The first confirmed documentation of the cyanotoxin, microcystin, in a recycled water pond occurred in 2018 at a municipality in California, where recycled water is provided for residential, agricultural, commercial, and urban landscape irrigation. Microcystin, which is produced by the cyanobacteria genera Microcystis, was detected in the recycled water pond on numerous occasions throughout the 2018–2019 sampling season. RBI conducted a human health risk assessment (HHRA) according to U.S. Environmental Protection Agency guidance to identify and characterize potential risks from microcystin to users exposed to the recycled water. Microcystin exposure routes were identified and assessed for municipal and agricultural workers, children who might play in sprinklers, people consuming food grown in gardens or crops irrigated with recycled water, and for domestic pets (i.e., dogs). Conservative human health and domestic dog benchmarks, developed by State and Federal agencies to be protective of recreational exposures in waterbodies containing microcystin, were used for the HHRA. Although no potential for human health or domestic animal risks from microcystins were identified in 2018–2019, the HHRA identified the potential for future risks if microcystin concentrations were to increase.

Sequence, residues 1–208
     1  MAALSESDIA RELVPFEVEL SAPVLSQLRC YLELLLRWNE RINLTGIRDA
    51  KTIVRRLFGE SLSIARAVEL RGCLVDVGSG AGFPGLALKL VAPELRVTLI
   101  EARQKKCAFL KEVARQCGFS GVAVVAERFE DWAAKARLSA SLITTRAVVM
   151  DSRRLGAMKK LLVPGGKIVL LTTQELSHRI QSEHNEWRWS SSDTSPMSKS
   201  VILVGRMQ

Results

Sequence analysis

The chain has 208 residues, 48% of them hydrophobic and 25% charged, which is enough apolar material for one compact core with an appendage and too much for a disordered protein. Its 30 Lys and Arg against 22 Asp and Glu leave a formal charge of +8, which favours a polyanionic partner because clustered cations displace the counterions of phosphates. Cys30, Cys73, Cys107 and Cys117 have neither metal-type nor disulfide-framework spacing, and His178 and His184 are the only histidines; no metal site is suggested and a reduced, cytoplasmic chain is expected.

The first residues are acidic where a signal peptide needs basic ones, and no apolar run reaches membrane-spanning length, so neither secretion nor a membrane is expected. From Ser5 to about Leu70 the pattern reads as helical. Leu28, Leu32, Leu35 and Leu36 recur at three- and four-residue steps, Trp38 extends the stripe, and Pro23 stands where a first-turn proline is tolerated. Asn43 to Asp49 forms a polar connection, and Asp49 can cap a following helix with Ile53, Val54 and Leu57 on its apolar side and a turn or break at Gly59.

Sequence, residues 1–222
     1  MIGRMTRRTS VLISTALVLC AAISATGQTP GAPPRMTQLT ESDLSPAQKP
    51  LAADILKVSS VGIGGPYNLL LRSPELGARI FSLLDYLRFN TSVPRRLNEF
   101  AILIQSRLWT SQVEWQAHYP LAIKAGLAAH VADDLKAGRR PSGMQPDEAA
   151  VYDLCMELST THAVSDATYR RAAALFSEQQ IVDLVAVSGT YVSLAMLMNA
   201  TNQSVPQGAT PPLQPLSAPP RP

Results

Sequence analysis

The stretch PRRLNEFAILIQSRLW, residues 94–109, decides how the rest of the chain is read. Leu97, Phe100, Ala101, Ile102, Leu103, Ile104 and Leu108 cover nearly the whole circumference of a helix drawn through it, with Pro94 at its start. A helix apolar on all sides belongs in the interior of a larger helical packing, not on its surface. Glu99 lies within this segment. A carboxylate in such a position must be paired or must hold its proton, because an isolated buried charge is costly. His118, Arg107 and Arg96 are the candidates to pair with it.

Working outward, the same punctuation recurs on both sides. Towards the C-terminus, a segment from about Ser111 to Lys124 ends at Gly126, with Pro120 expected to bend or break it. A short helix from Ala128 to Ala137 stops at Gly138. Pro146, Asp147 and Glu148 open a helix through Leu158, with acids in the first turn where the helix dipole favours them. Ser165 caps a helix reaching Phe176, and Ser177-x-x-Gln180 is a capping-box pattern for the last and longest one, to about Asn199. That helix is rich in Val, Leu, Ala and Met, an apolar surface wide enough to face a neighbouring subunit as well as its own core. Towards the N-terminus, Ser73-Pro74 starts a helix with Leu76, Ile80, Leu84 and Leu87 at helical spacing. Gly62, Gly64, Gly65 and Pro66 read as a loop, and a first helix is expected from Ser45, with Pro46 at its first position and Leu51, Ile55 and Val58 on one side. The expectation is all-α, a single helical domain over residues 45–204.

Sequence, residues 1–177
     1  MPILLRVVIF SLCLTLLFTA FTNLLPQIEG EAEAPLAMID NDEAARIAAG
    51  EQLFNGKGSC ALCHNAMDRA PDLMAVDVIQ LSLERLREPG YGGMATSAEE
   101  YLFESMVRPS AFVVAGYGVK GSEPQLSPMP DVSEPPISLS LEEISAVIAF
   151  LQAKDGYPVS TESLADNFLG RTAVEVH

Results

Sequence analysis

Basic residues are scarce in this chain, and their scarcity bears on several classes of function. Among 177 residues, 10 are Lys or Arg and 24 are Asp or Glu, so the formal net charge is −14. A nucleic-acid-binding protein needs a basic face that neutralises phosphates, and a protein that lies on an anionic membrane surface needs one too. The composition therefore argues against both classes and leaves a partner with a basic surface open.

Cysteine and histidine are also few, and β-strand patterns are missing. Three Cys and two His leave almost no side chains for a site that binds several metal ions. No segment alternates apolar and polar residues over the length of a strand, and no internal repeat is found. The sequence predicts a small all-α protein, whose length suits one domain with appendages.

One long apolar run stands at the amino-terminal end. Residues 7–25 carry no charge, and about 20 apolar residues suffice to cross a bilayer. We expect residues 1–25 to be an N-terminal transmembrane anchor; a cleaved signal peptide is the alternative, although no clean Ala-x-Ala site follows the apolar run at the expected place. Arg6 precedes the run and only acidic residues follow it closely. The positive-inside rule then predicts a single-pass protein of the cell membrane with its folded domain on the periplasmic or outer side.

Results from the HHRA were used by the municipality to inform a cyanobacteria harmful algae bloom mitigation and prevention strategy, refine routine monitoring, and to design a communications plan for public outreach. These efforts will help minimize future potential health risks associated with microcystin exposure from this recycled water system.